NVIDIA AV1 encoder in FFmpeg
Following the implementation of Intel AV1 encoder, FFmpeg now supports faster Ada architecture encoders.
The popularity of royalty-free AV1 video codec is growing by the day. Earlier this month, OBS Studio announced it now supports NVIDIA’s NVENC AV1 encoder for their recording and streaming software. The same company announced last week it is now partnering up with AMD who have become a Diamond Tier sponsor, along with NVIDIA. This partnership was part of the AMD Radeon RX 7000 series reveal, which are to support AV1 encoding as well.
FFmpeg, a very popular command line tool for video processing, will now support NVIDIA NVENC AV1 encoder. It is reportedly offering better quality at lower bit rate and outperforming HEVC (H.265) encoding by 75 to 100%.
The encoder seems to be trading blows with hevc_nvenc. In terms of quality at low bitrate cbr settings, it seems to outperform it even. It produces fewer artifacts and the ones it does produce are less jarring to my perception.
At higher bitrates I had a hard time finding differences between the two encoders in terms of subjective visual quality.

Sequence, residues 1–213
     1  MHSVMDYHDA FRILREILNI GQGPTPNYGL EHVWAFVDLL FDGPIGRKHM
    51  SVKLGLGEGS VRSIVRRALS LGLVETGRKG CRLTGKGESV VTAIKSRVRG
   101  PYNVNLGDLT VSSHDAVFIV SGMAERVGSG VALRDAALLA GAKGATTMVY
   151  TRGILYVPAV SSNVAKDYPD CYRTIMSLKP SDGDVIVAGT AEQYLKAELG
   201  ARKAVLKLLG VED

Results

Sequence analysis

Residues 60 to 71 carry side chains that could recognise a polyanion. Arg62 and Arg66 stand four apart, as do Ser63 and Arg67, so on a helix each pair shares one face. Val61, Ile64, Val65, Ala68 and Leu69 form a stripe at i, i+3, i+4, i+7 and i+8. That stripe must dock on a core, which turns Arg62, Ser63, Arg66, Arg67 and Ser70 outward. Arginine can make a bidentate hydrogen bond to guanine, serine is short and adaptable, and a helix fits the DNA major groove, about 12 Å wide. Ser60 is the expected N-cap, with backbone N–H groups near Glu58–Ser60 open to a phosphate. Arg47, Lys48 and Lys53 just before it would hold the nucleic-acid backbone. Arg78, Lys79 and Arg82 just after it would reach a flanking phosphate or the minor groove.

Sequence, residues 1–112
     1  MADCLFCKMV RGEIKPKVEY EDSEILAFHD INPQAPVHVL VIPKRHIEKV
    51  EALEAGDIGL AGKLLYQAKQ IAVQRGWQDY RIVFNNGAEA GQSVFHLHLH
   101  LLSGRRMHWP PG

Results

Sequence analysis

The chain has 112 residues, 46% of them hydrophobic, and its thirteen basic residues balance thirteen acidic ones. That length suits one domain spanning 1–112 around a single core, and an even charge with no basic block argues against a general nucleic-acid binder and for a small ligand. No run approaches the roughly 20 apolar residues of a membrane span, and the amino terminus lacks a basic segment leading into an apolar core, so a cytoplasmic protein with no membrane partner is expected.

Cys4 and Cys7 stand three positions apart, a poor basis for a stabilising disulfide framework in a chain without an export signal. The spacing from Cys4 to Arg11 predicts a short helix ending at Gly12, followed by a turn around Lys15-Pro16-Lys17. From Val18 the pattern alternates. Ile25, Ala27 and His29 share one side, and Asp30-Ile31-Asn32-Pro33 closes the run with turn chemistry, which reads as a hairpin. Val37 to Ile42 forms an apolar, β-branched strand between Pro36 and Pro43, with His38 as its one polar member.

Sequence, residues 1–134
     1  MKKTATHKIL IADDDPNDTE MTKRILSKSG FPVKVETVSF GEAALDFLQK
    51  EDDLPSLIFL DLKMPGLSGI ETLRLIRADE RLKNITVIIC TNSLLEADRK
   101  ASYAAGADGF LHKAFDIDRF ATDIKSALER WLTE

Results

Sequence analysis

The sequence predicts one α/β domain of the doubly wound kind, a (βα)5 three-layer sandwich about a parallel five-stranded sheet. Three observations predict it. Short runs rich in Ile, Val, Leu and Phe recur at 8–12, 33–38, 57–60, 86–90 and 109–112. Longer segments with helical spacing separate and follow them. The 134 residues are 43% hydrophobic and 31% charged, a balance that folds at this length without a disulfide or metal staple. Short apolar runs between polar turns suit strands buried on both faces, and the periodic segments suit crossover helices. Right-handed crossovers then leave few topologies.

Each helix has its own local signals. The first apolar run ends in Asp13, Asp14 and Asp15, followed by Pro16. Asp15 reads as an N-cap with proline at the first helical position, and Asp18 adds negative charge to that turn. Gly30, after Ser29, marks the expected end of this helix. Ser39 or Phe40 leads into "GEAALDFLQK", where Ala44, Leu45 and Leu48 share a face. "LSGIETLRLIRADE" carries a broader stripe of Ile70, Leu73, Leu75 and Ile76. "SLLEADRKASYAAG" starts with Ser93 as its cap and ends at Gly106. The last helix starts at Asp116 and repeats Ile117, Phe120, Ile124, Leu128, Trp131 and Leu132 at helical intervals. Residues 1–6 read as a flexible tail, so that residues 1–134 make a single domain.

Using the ‘slow’ preset, av1_nvenc outperformed hevc_nvenc in terms of encoding speed by 75% to 100% while performing above tests.
Needless to say, it always massively outperformed h264_nvenc in terms of quality for a given bitrate, while also being slightly faster.
— Timo Rothenpieler
The AV1 decoding has been supported by nearly all modern GPUs, but encoding acceleration is only just being added. Eventually, there should be enough hardware with decoding support for video streaming platforms to consider making it a default choice. In the meantime, Intel, NVIDIA and now AMD are all racing to become the platform of choice for AV1 video recording. So, which platform will you choose?